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Microsoft Pri0

Welcome to Microsoft Pri0: That's Microspeak for top priority, and that's the news and observations you'll find here from Seattle Times technology reporter Matt Day.

May 12, 2011 at 7:39 AM

Timeline: Microsoft’s antitrust history

May 1998: The U.S. Department of Justice, 20 states and the District of Columbia sue Microsoft, accusing the company of illegally engaging in predatory practices to protect its monopoly in personal-computer operating systems.

October 1998: The antitrust trial begins in U.S. District Court for the District of Columbia.

January 2000: Microsoft Chief Executive Bill Gates announces he will become chief software architect and Steve Ballmer will be CEO.

April 2000: U.S. District Judge Thomas Penfield Jackson rules Microsoft unlawfully maintained a monopoly in Windows and unlawfully tied its browser to Windows.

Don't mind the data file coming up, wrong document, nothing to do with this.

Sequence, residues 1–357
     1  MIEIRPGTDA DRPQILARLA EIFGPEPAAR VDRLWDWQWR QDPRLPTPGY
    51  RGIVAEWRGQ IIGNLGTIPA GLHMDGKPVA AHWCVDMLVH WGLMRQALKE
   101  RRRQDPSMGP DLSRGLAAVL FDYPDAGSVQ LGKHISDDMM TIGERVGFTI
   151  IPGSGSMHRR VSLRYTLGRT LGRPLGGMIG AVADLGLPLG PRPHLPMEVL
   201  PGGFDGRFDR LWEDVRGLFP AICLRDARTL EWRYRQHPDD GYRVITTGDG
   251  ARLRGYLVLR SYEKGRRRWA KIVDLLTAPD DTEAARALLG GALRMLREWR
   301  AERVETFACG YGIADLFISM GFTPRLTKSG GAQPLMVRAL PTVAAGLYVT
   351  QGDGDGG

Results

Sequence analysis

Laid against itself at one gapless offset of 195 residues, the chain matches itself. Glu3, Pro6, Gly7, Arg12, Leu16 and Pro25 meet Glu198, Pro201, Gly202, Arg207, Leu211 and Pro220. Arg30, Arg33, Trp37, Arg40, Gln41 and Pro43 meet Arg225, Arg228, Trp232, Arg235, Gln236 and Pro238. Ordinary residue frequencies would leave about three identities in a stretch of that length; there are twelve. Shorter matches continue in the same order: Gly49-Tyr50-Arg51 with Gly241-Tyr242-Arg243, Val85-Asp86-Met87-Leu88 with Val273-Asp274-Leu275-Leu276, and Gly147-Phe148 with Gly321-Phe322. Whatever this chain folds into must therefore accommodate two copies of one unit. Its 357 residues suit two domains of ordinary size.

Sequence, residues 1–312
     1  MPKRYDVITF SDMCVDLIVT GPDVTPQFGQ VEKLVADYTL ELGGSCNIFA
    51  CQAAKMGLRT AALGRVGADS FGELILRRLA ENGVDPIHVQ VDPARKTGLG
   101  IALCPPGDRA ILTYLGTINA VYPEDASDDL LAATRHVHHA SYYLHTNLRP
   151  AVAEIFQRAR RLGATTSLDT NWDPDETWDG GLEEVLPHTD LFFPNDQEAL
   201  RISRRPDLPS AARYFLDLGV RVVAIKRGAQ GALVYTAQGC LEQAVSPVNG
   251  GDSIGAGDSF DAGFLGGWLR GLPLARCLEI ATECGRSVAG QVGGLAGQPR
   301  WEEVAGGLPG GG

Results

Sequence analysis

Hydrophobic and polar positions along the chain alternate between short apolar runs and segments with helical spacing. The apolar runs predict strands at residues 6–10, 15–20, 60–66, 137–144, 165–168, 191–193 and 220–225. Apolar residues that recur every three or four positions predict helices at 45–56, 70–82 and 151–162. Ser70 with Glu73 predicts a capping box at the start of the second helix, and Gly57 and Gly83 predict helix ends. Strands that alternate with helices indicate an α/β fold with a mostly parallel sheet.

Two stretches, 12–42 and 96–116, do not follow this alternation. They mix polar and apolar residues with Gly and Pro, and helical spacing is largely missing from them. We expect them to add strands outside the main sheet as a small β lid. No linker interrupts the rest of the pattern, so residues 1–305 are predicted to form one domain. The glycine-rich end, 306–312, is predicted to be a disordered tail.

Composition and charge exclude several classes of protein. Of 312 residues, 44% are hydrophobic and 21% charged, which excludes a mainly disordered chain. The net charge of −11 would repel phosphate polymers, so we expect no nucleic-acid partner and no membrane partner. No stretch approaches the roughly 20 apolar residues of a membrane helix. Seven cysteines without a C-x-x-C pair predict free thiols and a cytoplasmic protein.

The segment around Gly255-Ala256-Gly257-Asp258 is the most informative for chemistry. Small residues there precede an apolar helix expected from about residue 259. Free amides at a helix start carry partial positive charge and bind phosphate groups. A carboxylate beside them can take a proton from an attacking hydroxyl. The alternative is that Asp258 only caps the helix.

June 2000: Jackson orders a breakup of Microsoft into two companies.

September 2001: Justice says it would no longer seek a breakup of Microsoft.

November 2001: Justice and Microsoft agree on a proposed settlement for the antitrust case.

November 2002: U.S. District Judge Colleen Kollar-Kotelly approves the settlement; Microsoft is ordered to comply with a five-year consent decree.

May 2006: Microsoft and Justice agree to extend the consent decree until November 2009.

January 2008: Kollar-Kotelly grants extension.

April 2009: Parties agree to extend the consent decree to May 12, 2011.

May 2011: Consent decree expires on May 12.

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